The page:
A KeWord In Context (KWIC) index is a simple index for a list of lines or titles. This assignment involves creating a KWIC index for an input list of titles stored in a file. Here's a small example. For the input file:
The Maltese Falcon
The Big Sleep
your program should produce the output:
3 The Big Sleep .
1 Casablanca .
2 The Maltese Falcon .
2 The Maltese Falcon
3 The Big Sleep .
As you can see, each title is listed for each word (omitting some minor words). The titles are arranged so that the word being indexed is shown in a column on the page. The position the lines have in the input file is shown on the left in the result.
Your Python solution should follow the following rules:
Goldbach's conjecture is one of the oldest unsolved problems in number theory and in all of mathematics. It states:
Every even integer greater than 2 is a Goldbach number, i.e., a number that can be expressed as the sum of two primes.
Expressing a given even number as a sum of two primes is called a Goldbach partition of the number. For example,
04 = 2 + 2 6 = 3 + 3 8 = 3 + 5
10 = 7 + 3 12 = 5 + 7 14 = 3 + 11
16 = 5 + 11 18 = 7 + 11 20 = 7 + 13
Write the following Python functions:
You are to write a class Matrix for representing and manipulating integer matrices. An instance of this class stores the elements of a matrix as a list of lists of integers, and provides methods for the operations of matrix equivalence, matrix copy, matrix addition, scalar-matrix multiplication, matrix-matrix multiplication, matrix transposition, and matrix norm -- the "size" of a matrix. Override the appropriate operators and raise the appropriate exceptions.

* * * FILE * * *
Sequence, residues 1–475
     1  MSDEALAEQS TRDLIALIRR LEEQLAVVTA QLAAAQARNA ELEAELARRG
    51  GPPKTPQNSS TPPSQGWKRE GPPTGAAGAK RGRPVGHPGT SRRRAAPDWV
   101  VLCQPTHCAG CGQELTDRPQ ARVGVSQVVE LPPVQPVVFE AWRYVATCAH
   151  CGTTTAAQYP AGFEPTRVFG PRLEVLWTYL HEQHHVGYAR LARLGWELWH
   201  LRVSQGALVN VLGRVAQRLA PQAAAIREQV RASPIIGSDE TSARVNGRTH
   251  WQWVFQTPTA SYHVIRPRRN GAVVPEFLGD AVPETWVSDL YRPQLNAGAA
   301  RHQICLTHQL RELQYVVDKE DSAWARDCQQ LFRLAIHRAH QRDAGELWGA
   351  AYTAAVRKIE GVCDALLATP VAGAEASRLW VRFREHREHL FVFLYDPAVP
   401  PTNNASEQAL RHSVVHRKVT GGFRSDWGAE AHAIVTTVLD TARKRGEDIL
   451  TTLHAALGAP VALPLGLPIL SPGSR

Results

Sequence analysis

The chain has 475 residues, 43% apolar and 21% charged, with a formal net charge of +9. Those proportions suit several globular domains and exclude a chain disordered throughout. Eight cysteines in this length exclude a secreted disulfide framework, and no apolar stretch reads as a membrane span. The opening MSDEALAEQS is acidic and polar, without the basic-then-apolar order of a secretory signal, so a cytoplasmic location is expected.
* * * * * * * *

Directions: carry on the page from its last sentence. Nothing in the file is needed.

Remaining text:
We first define these operations, and then give a skeleton of the Matrix class showing the signatures for all methods and constructors you must implement.
Let aij denote the i,j-th element of matrix A, located at row i, column j. Using this notation, the matrix operations listed above may be defined precisely as follows:
Note that in each case we state the proper matrix dimensions for the operation to be valid. For example, when multiplying two matrices A and B, the number of columns of A must match the number of rows of B.